Using computers to understand the deposition of pollutant and therapeutic aerosols in the human lungs

In an urban setting, suspended pollutant particles enter our lungs along with air we inhale.   A good portion of them gets deposited on our airways, often inducing toxic effects. A young child or an elderly patient facing an asthma attack reaches of the inhaler device. The breath that they so anxiously take from the inhaler carries into the lungs the particles of the drug that will help ease their asthma attack, provided those particles deposit where they are most needed. Understanding the multitude of factors that control pulmonary deposition is important in assessing the toxic or therapeutic effects of inhaled aerosol particles. Improving our understanding can contribute in the establishment of adequate environmental exposure standards as well as optimization of drug delivery methods for local and systemic therapies through the pulmonary route.

Fig. 1. 3D model of the airways extending from the mouth to the generation 7 of the intrathoracic airways

Fig. 1. 3D model of the airways extending from the mouth to the generation 7 of the intrathoracic airways

A considerable amount of investigative efforts, both experimental and numerical, have afforded us a satisfactory level of understanding of general trends in deposition efficiencies. They also identified a number of important parameters that govern particle fate in the respiratory tree, such as anatomical variations between individuals (hereditary or due to disease-induced airway remodeling), breathing flow rate and frequency, particle size, shape and physical properties and turbulent nature of airflow among others. Yet, this overall understanding falls short of the precision one needs when optimizing pharmaceutical products consisting of inhaler-formulation pairs or when establishing links of particular pollutants to specific disease pathways in the airways.

In vivo studies of aerosol deposition in the human lungs are limited by concerns over human safety and by resolution limitations of current imaging technologies. In silico models, based on Computational Fluid Dynamics (CFD) can fill this gap by providing an unprecedented level of detail that would allow scientists and engineers to experiment with alternate designs and conditions. In particular, recent advancements in medical imaging have afforded us detailed views of the complex structures of the lungs, such as the upper airways of a female subject shown in the side figure. Starting from Multi-Detector Computed Tomography (MDCT) scans, a 3D model of the airways extending from the mouth to the generation 7 of the intrathoracic airways can be reconstructed using 3D image processing softwares.

Advanced computational methods are used to solve numerically the equations that describe the air and particle motion in the human airways. The results can then be post-processed using data analysis and visualization software. Details of the airflow patterns, such as cross stream vortices and turbulent features, as well as deposition hot spots can be identified and correlated to the several parameters that describe the problem. In our recent study published in the Journal of Biomechanics, the parameters examined were the inhalation flow rate, the particle size and the electrostatic charge carried by the particles.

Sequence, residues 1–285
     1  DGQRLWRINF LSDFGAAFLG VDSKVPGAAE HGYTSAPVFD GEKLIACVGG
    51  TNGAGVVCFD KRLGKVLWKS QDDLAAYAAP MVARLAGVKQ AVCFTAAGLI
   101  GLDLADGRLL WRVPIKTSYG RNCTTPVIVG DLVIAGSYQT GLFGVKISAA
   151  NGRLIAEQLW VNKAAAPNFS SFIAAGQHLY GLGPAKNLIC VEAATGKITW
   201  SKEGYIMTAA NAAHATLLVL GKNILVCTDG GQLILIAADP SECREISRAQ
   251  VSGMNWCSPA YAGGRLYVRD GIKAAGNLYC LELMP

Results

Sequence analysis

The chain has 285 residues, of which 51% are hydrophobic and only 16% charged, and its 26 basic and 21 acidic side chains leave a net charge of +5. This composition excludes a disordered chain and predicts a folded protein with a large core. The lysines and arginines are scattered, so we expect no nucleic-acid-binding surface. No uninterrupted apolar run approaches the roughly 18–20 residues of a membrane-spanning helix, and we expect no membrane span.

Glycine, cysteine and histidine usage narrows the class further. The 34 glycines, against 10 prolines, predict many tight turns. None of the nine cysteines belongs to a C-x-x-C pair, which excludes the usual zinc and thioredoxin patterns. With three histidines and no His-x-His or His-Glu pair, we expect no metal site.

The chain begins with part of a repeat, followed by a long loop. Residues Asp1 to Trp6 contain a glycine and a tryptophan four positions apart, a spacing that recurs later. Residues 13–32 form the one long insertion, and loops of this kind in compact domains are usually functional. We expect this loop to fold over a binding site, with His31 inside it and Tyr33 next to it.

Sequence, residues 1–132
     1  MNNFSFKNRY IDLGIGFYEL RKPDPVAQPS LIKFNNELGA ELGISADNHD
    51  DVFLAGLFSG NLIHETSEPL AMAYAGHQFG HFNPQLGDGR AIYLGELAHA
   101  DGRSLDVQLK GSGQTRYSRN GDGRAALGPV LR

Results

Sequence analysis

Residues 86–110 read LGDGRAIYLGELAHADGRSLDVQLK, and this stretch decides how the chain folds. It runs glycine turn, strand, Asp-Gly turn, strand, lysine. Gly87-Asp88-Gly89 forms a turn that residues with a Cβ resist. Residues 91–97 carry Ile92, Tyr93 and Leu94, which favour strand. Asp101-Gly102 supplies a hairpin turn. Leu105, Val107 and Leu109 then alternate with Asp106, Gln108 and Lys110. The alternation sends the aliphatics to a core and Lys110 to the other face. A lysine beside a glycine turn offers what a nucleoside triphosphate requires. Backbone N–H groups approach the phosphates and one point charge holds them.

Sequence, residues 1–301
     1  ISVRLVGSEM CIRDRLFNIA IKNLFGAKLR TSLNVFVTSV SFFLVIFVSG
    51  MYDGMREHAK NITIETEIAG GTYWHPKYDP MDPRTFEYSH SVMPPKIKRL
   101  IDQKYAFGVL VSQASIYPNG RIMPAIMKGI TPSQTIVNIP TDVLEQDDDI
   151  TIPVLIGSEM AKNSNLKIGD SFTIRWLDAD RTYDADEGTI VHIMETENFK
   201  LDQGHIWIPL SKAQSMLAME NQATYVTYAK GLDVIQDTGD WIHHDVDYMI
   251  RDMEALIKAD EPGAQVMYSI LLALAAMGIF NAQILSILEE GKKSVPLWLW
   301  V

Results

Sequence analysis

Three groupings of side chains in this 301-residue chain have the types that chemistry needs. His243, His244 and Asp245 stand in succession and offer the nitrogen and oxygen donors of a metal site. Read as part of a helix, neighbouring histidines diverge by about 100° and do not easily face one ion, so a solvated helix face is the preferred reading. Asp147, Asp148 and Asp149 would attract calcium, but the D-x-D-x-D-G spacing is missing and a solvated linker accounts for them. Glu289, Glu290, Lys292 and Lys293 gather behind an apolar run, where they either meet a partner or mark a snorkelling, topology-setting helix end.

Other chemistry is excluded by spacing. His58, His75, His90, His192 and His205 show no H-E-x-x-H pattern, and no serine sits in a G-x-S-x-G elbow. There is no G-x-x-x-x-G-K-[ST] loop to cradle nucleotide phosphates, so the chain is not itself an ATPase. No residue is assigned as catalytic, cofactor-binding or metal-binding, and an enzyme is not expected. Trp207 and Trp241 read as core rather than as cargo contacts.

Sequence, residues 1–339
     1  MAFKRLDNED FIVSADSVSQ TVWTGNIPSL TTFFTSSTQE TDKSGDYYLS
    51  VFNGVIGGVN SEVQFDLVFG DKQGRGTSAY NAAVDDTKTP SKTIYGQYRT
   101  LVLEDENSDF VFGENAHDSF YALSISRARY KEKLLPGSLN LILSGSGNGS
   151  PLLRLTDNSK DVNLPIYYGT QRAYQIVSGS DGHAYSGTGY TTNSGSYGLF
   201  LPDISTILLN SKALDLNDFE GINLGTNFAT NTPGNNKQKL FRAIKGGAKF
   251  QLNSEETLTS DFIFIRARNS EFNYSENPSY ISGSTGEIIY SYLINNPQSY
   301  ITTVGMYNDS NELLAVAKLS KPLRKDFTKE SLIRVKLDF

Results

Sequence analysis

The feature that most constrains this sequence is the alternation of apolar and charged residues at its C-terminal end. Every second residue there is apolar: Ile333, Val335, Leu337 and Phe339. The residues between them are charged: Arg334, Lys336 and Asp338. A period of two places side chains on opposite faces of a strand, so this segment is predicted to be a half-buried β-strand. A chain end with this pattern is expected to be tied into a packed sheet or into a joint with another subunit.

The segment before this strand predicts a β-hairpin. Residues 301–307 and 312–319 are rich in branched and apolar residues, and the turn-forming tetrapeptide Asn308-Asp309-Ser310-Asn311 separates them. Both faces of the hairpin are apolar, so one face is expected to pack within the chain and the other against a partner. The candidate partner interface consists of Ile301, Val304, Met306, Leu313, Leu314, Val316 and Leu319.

Fig. 2. Deposition locations in the trachea and in the mouth-throat regions for flow rates of 15, 30 and 60 lt/min. For the trachea, particles with diameter of 2.5um are shown. For the mouth-throat region, particles with diameters of 5um (blue) and 10um (red) are shown. Greater filtering is observed as the flow rate is increased.

We observe enhancement in deposition of spherical particles with diameters of 2.5-10μm as the inhalation flow rate is increased (15,30 and 60 lt/min) due to inertial impaction in regions with high curvature. Designers of inhalation devices can use this type of information to determine the size of the drug carrier particles and the device operating flow rate so as to minimize drug losses, enhance treatment and lower costs. Another outcome of our study is that smallest particles (0.1μm) have the highest deposition fractions in the mouth-throat when there is electrostatic charge above 250e. Such charge levels can be generated in inhaler applications, especially in Metered Dose Inhalers (MDI).

Overall, our results indicate a significant interplay between particle size, electrostatic charge, and flow rate, that in silico models should be customized for specific applications, ensuring all relevant physical effects are accounted for in a self-consistent fashion.

Stavros Kassinos
Computational Sciences Laboratory (UCY-CompSci),
Department of Mechanical and Manufacturing Engineering,

University of Cyprus, Nicosia, Cyprus



Particle deposition in a realistic geometry of the human conducting airways: Effects of inlet velocity profile, inhalation flowrate and electrostatic charge.
Koullapis PG, Kassinos SC, Bivolarova MP, Melikov AK
J Biomech. 2015 Nov 27


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